From that point the plot is pretty rote. As the crew become more and more involved in working out the specifics of Leeds’ scheme—an effort that includes such sights as Efron winding up in drag as a disguise, and playing with a corpse’s genitals (a sequence as cringe-worthy as the closing bit from “Bad Santa 2”)—Matt gains a sense of responsibility and comes to see Mitch as a big brother (inevitably, the squad becomes a surrogate family). There’s also the obligatory roadblock which removes Mitch temporarily from the team, allowing for his mentor (a predictable cameo by David Hasselhoff) to pop up and remind him of his mission in life. Not to fret: he will reappear in the big Fourth of July finale, in which fireworks of every sort accompany the villainess’ colorful defeat.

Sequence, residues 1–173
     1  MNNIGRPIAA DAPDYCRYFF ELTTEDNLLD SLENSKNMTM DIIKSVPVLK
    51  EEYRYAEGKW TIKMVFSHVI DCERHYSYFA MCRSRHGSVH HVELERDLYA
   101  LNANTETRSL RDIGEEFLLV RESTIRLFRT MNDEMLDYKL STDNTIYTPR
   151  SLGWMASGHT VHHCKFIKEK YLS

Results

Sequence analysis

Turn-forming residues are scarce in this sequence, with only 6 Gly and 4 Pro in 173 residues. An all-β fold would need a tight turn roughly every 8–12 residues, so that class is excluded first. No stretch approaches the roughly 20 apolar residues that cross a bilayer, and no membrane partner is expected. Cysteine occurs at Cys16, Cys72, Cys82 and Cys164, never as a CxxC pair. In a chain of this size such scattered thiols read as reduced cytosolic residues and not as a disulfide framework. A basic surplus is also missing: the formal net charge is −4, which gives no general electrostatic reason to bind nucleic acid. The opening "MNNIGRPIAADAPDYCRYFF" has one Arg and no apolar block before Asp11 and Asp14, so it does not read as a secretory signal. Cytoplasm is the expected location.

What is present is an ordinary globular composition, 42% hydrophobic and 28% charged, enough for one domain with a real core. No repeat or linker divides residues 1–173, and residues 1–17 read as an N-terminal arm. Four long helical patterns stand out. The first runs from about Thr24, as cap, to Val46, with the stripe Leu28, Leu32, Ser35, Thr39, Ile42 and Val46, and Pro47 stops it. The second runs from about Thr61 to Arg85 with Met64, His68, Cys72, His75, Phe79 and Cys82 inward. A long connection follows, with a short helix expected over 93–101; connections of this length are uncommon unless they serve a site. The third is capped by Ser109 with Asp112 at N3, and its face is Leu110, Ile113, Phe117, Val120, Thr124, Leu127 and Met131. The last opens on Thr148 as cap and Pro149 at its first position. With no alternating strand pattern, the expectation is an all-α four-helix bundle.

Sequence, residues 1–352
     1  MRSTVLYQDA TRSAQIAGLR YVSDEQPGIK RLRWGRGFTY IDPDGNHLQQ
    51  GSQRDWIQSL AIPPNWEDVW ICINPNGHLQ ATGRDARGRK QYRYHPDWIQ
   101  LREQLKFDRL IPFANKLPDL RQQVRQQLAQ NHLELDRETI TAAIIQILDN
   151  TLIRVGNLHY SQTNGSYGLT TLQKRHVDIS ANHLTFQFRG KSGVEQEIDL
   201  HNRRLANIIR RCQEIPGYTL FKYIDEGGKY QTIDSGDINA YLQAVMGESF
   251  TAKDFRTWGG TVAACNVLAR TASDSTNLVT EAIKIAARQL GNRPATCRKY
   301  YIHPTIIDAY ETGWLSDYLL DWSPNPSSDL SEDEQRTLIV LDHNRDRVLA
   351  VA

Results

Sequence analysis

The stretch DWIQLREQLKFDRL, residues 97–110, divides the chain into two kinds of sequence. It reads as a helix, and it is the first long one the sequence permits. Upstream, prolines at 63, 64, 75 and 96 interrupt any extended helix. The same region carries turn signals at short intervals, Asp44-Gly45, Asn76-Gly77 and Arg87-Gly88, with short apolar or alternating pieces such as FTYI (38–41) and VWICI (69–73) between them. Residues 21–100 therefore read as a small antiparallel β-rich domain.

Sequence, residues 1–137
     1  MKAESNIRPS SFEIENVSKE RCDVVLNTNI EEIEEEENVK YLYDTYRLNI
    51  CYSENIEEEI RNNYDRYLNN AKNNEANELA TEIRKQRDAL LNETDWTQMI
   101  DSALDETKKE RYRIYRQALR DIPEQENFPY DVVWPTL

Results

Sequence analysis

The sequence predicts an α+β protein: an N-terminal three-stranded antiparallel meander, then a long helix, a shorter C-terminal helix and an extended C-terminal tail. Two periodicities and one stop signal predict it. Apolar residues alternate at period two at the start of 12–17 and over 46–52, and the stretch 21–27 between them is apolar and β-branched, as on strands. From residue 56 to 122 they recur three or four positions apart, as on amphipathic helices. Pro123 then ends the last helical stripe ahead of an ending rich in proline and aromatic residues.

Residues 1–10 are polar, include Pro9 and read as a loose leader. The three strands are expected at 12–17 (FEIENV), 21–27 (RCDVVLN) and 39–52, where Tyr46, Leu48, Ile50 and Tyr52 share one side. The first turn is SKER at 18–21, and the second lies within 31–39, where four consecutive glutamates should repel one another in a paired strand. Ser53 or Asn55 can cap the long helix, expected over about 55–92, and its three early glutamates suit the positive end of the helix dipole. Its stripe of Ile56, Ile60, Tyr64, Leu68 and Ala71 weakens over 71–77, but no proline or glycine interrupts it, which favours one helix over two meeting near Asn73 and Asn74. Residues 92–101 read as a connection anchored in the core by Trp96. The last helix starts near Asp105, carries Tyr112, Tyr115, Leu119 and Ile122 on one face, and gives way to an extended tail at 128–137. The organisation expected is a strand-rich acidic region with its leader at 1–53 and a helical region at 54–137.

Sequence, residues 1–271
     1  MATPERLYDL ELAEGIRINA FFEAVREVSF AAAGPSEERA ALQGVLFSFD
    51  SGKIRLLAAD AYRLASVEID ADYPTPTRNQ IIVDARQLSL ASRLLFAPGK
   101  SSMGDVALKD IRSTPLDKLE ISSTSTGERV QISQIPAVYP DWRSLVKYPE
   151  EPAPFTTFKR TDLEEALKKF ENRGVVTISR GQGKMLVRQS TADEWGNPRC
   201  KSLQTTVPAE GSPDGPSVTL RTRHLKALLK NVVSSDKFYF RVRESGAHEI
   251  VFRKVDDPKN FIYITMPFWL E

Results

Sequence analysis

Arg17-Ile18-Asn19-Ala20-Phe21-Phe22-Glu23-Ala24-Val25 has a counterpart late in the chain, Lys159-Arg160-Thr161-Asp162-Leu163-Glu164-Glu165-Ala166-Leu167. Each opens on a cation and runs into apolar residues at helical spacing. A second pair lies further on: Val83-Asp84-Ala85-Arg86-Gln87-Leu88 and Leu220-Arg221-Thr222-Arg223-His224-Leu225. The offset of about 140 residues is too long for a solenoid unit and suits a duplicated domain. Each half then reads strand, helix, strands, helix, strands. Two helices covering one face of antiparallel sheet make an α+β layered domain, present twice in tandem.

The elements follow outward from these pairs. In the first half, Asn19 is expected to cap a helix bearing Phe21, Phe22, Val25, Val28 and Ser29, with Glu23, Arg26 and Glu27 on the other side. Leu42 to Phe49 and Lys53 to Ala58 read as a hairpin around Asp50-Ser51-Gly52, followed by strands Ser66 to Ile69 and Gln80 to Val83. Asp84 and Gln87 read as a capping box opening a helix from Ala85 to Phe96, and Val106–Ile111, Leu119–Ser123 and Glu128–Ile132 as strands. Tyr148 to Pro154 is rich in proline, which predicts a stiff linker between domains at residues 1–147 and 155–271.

Through the mayhem Johnson continues to demonstrate the talent for tongue-in-cheek bravado he’s honed in pictures like “Central Intelligence,” but Efron’s dumb beefcake shtick is getting old; perhaps playing Ted Bundy will get him back on track. In what is essentially a buddy movie for the two, the filmmakers make sporadic effort to provide opportunities for the other cast members to show off on occasion, but the only one who really catches your eye is Bass, and for all the wrong reasons. The guy is apparently meant to be a likable dunce in the Jonah Hill-Josh Gad mold, but he’s annoying from the first moment you see him (in a scene with the underused Hannibal Buress). For aficionados of the old series, and there must be one or two of you out there, be assured that in addition to Hasselhoff, Pamela Anderson shows up, very briefly.